49 Efficacy of conservative therapy as taught in the primary care setting for symptoms suggesting infant gastroesophageal reflux. Orenstein SR, McGowan JD. Source University of Pittsburgh School of Medicine, Pittsburgh, Pennsylvania, USA. Orenstein SRMcGowan JD Efficacy of conservative therapy as taught in the primary care setting for symptoms suggesting infant gastroesophageal reflux. Orenstein SR, McGowan JD. Source University of Pittsburgh School of Medicine, Pittsburgh, Pennsylvania, USA. Orenstein SRMcGowan JD Abstract OBJECTIVE: To determine the efficacy of non-pharmacologic conservative therapy for infant gastroesophageal reflux disease (GERD). STUDY DESIGN: : feeding modifications, positioning, and tobacco smoke avoidance Consenting parents of the first 50 screened infants who met inclusion/exclusion criteria including abnormal (>16/42) scores on the Infant Gastroesophageal Reflux Questionnaire-Revised (I-GERQ-R; n = 40) were taught conservative therapy measures by each site's study nurse : feeding modifications, positioning, and tobacco smoke avoidance. We compared I-GERQ-R scores and symptom response details before and 2 weeks after institution of these measures with 2-tail Wilcoxon signed ranks test in the 37 infants (age range, 4-43 weeks; median age, 13 weeks) who completed the run-in. RESULTS: The median initial and final scores were 23 (16-36) and 18 (7-34; P < ). The median score change was -5 (+6--16). Scores of 78% improved at all; 59% improved at least the threshold of 5 points; 24% became normal. Scores for individual symptoms related to regurgitation, crying, and arching improved significantly.CONCLUSIONS: Two weeks of conservative therapy measures taught in primary care improved 59% beyond the 5-point threshold and normalized 24% of infants with symptom severity diagnostic for GERD, as substantiated with a responsiveness-validated instrument. Two weeks of conservative therapy measures taught in primary care improved 59% beyond the 5-point threshold and normalized 24% of infants with symptom severity diagnostic for GERD, as substantiated with a responsiveness-validated instrument. Abstract OBJECTIVE: To determine the efficacy of non-pharmacologic conservative therapy for infant gastroesophageal reflux disease (GERD). STUDY DESIGN: : feeding modifications, positioning, and tobacco smoke avoidance Consenting parents of the first 50 screened infants who met inclusion/exclusion criteria including abnormal (>16/42) scores on the Infant Gastroesophageal Reflux Questionnaire-Revised (I-GERQ-R; n = 40) were taught conservative therapy measures by each site's study nurse : feeding modifications, positioning, and tobacco smoke avoidance. We compared I-GERQ-R scores and symptom response details before and 2 weeks after institution of these measures with 2-tail Wilcoxon signed ranks test in the 37 infants (age range, 4-43 weeks; median age, 13 weeks) who completed the run-in. RESULTS: The median initial and final scores were 23 (16-36) and 18 (7-34; P < ). The median score change was -5 (+6--16). Scores of 78% improved at all; 59% improved at least the threshold of 5 points; 24% became normal. Scores for individual symptoms related to regurgitation, crying, and arching improved significantly.CONCLUSIONS: Two weeks of conservative therapy measures taught in primary care improved 59% beyond the 5-point threshold and normalized 24% of infants with symptom severity diagnostic for GERD, as substantiated with a responsiveness-validated instrument. Two weeks of conservative therapy measures taught in primary care improved 59% beyond the 5-point threshold and normalized 24% of infants with symptom severity diagnostic for GERD, as substantiated with a responsiveness-validated instrument.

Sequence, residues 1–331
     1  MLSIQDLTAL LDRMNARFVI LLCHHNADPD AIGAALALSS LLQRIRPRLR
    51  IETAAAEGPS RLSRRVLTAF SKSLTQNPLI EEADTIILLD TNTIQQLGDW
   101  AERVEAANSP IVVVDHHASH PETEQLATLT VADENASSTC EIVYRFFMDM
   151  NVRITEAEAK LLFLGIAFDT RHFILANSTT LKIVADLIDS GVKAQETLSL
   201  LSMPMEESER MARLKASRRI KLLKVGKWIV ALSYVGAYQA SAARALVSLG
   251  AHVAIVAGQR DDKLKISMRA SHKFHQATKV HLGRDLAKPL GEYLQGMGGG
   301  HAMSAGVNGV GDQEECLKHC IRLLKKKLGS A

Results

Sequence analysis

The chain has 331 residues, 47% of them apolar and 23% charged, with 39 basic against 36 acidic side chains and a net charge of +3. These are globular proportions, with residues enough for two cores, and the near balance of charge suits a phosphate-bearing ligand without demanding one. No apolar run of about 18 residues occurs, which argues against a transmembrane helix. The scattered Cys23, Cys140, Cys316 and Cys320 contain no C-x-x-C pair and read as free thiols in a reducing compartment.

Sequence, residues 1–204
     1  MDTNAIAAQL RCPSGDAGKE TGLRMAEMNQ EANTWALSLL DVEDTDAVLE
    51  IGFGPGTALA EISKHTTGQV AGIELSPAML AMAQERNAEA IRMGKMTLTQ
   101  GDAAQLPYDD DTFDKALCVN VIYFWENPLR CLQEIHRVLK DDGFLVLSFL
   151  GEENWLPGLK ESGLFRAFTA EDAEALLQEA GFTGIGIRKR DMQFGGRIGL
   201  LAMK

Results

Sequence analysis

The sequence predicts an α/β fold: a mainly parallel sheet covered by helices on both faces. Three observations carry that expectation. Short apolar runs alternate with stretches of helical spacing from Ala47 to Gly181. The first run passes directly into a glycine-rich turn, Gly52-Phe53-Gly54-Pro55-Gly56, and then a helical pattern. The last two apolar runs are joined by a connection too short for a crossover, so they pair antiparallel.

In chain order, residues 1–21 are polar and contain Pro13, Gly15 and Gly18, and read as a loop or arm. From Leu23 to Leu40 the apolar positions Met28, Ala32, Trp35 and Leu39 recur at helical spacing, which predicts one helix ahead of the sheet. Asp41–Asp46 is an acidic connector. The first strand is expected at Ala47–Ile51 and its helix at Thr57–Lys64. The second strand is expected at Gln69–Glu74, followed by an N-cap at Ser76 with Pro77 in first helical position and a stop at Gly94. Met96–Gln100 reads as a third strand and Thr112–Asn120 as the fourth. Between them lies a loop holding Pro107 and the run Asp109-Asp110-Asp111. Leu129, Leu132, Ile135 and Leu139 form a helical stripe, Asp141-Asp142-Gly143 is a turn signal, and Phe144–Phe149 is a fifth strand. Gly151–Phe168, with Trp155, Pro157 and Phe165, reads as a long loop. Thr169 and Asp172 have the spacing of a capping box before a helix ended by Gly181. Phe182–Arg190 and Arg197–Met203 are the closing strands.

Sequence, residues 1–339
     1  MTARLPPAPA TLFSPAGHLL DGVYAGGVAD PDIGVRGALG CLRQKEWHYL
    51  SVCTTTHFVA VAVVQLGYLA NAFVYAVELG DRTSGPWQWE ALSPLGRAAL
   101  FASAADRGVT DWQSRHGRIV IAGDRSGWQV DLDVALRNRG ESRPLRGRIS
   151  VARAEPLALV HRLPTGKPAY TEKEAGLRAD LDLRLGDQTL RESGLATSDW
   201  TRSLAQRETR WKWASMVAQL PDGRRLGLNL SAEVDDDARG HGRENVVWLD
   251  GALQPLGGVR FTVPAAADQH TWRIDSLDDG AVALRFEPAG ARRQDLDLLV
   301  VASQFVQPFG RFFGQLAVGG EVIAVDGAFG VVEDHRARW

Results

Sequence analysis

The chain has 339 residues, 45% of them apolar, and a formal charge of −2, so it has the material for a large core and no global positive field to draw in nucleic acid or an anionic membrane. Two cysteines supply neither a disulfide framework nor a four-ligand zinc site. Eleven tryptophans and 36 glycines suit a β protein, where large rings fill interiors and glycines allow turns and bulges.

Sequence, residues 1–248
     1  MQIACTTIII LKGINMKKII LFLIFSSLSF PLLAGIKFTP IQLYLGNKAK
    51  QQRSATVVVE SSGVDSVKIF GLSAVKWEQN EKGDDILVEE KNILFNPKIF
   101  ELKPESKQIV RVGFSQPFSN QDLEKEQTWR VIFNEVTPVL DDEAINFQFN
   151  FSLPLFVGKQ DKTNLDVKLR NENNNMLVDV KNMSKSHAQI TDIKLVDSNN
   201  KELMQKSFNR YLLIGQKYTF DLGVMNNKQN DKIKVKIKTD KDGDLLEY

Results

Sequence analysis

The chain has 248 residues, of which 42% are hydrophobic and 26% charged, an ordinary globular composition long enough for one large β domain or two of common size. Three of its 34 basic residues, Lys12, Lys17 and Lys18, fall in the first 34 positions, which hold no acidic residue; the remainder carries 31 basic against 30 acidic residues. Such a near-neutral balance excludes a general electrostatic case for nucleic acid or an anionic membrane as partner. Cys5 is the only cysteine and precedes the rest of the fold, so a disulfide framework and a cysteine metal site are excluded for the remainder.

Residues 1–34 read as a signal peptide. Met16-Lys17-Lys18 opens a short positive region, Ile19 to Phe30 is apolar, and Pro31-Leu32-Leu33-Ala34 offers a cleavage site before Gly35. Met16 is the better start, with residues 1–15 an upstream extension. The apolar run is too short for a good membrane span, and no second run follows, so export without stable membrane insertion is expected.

50 Thickened formula Unthickened formula